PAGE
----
HARTFORD-- An app designed to help drunk drivers if they get stopped by police has been officially launched in Connecticut.
The app is called "DueyDialer," and it allows anyone stopped by law enforcement for a DUI/DWI to have an easier time connecting with an attorney following an arrest.
Technology Driven Solutions, Inc., the Missouri based developers of DueyDialer, said the app doesn't encourage drinking and driving but provides a service at the exact moment it is needed.
The company says the app allows anyone pulled over or stopped at a DUI checkpoint to press one button and the conversation is recorded and automatically sent to a lawyer. The audio recording and the exact location of the traffic stop is sent via text and email to a database of nearby attorneys.
FoxCT spoke with a DUI attorney, who said the app would provide a quicker turnaround for someone arrested to get legal representation.
"Most of the situations happen in the middle of the night. It is virtually impossible for a defendant to get the needed legal advice," said Martin Minella, a Waterbury based criminal defense and DUI attorney.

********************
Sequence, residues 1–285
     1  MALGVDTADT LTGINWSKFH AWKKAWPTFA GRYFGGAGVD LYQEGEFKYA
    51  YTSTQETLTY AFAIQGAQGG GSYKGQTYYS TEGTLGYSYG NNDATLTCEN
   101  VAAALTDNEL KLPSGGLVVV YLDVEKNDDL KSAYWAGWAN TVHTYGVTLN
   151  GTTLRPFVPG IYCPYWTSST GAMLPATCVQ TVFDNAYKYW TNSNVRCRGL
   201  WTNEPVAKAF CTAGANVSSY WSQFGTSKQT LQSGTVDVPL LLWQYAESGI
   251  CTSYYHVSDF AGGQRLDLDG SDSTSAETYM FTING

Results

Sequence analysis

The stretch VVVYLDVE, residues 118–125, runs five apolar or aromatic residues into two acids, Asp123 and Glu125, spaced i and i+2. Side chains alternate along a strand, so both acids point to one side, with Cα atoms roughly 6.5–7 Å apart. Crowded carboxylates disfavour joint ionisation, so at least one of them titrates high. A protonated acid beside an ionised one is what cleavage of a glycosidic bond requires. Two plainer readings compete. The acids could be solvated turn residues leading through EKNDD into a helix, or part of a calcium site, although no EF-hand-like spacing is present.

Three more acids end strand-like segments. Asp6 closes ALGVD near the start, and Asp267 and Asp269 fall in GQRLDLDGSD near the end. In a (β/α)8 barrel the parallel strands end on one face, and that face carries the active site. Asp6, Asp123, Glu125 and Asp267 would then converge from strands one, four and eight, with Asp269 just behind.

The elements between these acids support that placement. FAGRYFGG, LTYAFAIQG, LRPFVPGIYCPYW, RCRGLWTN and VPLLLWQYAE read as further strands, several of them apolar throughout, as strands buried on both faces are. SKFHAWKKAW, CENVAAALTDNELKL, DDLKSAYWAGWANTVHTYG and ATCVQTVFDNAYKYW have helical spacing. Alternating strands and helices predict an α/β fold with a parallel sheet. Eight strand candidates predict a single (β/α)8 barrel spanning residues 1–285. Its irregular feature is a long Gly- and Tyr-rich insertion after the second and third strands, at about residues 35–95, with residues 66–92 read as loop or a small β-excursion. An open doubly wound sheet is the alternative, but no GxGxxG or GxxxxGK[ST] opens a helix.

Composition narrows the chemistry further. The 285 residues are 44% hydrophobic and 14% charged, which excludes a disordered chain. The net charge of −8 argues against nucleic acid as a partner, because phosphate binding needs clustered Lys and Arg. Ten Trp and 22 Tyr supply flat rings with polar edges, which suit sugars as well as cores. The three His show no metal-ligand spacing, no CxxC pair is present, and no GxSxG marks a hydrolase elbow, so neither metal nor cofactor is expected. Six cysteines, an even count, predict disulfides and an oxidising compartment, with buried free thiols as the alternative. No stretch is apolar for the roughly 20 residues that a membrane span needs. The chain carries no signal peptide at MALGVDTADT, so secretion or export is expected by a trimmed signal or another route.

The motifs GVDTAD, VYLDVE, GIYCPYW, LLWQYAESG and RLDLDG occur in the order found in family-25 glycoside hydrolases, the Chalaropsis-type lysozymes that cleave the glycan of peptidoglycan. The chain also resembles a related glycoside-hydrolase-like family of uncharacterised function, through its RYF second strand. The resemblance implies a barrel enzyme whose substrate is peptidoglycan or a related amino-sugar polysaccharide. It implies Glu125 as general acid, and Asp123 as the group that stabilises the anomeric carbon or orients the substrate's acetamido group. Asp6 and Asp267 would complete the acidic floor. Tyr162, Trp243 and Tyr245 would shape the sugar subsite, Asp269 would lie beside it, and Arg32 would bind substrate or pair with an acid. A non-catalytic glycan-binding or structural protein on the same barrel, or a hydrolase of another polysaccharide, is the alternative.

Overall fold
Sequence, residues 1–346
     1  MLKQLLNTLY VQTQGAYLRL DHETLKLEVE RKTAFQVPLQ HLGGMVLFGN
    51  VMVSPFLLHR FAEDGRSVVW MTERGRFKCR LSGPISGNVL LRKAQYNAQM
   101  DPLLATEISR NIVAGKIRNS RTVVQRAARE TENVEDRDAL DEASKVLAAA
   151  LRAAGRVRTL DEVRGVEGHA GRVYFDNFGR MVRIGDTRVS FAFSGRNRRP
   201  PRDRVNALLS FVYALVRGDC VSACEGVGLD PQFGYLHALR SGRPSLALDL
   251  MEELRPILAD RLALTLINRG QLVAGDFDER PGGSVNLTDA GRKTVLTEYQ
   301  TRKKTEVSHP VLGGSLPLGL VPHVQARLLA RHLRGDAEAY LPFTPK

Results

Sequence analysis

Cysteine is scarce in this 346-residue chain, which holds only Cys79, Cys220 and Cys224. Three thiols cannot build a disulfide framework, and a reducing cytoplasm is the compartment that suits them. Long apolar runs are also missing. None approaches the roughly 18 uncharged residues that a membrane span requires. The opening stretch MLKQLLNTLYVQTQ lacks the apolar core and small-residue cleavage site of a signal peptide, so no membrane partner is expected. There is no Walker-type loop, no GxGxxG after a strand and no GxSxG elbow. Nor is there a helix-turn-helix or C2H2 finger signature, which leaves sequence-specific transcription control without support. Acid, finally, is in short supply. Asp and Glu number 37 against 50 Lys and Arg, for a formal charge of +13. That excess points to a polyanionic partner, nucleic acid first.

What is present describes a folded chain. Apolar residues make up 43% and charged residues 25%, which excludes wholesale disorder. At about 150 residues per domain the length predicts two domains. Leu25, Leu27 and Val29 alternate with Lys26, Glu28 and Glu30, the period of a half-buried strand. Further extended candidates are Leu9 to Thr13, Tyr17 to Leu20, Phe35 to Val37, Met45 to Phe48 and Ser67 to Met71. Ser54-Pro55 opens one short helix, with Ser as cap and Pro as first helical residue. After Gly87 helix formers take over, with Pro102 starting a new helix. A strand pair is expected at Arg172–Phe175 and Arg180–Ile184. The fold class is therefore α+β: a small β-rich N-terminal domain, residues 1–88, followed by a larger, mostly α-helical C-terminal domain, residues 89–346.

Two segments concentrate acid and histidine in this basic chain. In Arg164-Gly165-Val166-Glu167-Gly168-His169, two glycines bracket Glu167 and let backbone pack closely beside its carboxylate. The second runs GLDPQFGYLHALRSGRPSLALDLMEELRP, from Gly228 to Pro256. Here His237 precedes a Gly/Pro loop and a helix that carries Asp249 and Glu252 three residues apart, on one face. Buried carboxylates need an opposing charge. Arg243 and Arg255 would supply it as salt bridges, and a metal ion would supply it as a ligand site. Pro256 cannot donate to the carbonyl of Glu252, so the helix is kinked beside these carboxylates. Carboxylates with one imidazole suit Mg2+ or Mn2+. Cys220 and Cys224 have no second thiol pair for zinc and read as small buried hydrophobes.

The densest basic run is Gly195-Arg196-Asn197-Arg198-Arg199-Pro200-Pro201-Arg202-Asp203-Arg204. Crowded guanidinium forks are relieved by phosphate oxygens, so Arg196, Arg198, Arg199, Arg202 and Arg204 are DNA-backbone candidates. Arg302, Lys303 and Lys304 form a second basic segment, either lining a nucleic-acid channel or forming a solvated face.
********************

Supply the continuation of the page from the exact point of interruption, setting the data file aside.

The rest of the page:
The American Civil Liberties Union of Connecticut chapter says the app and others like it create more chances for people to record interactions with police.
In June, Gov. Dannel Malloy signed a law requiring all police officers in the state to wear body cams. A separate provision in the law also provides protection for people recording interactions between citizens and police.
"The more transparency we can have around police, citizens, and you and I, the average citizen, then we think the better," said ACLU of Connecticut legal director Dan Barrett.
The Connecticut State Police said they are perfectly open to anyone using the app to record police interactions.
"Recordings help both us and the person being stopped tremendously," said Connecticut State Police spokesperson Trooper Kelly Grant.
Grant says the app doesn't impact the way police would conduct a DUI investigation.
"They're still going to ask the same questions," said Grant. "They're still going to conduct the field sobriety test."
The app is free to download for Droid users. It is a paid service by attorneys. I-phone users can expect to have it within a couple of months.
The app is launching in the state at a time when the consequences for DUI arrests in the state are greater than ever.
Effective on July 1, a new state law made it mandatory for first-time DUI offenders to have their licenses suspended and an interlock ignition device installed on their vehicle.